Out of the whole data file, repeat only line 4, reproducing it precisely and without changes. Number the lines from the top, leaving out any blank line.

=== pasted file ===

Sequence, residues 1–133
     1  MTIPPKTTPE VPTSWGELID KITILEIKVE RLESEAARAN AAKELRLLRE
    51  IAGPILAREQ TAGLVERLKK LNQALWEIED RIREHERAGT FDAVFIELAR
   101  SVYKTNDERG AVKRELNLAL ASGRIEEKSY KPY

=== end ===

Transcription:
   101  SVYKTNDERG AVKRELNLAL ASGRIEEKSY KPY